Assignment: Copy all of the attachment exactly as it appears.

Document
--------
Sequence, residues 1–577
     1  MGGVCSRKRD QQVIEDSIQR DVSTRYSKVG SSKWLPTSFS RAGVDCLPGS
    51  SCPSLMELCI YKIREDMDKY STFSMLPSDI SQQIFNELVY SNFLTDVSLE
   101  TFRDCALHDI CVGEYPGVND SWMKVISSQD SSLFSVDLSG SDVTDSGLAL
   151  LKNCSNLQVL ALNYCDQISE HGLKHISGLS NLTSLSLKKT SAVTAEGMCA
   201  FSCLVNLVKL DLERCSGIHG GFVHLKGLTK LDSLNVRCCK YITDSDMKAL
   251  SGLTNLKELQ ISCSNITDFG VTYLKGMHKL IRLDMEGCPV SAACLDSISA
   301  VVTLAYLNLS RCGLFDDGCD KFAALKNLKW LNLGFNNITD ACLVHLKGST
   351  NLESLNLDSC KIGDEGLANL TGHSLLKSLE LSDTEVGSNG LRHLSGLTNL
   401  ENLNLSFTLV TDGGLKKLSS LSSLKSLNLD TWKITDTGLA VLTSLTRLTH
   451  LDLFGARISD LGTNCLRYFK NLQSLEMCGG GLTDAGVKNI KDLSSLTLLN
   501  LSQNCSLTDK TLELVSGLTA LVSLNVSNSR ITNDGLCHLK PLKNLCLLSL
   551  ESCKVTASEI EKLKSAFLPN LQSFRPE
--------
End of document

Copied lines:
Sequence, residues 1–577
     1  MGGVCSRKRD QQVIEDSIQR DVSTRYSKVG SSKWLPTSFS RAGVDCLPGS
    51  SCPSLMELCI YKIREDMDKY STFSMLPSDI SQQIFNELVY SNFLTDVSLE
   101  TFRDCALHDI CVGEYPGVND SWMKVISSQD SSLFSVDLSG SDVTDSGLAL
   151  LKNCSNLQVL ALNYCDQISE HGLKHISGLS NLTSLSLKKT SAVTAEGMCA
   201  FSCLVNLVKL DLERCSGIHG GFVHLKGLTK LDSLNVRCCK YITDSDMKAL
   251  SGLTNLKELQ ISCSNITDFG VTYLKGMHKL IRLDMEGCPV SAACLDSISA
   301  VVTLAYLNLS RCGLFDDGCD KFAALKNLKW LNLGFNNITD ACLVHLKGST
   351  NLESLNLDSC KIGDEGLANL TGHSLLKSLE LSDTEVGSNG LRHLSGLTNL
   401  ENLNLSFTLV TDGGLKKLSS LSSLKSLNLD TWKITDTGLA VLTSLTRLTH
   451  LDLFGARISD LGTNCLRYFK NLQSLEMCGG GLTDAGVKNI KDLSSLTLLN
   501  LSQNCSLTDK TLELVSGLTA LVSLNVSNSR ITNDGLCHLK PLKNLCLLSL
   551  ESCKVTASEI EKLKSAFLPN LQSFRPE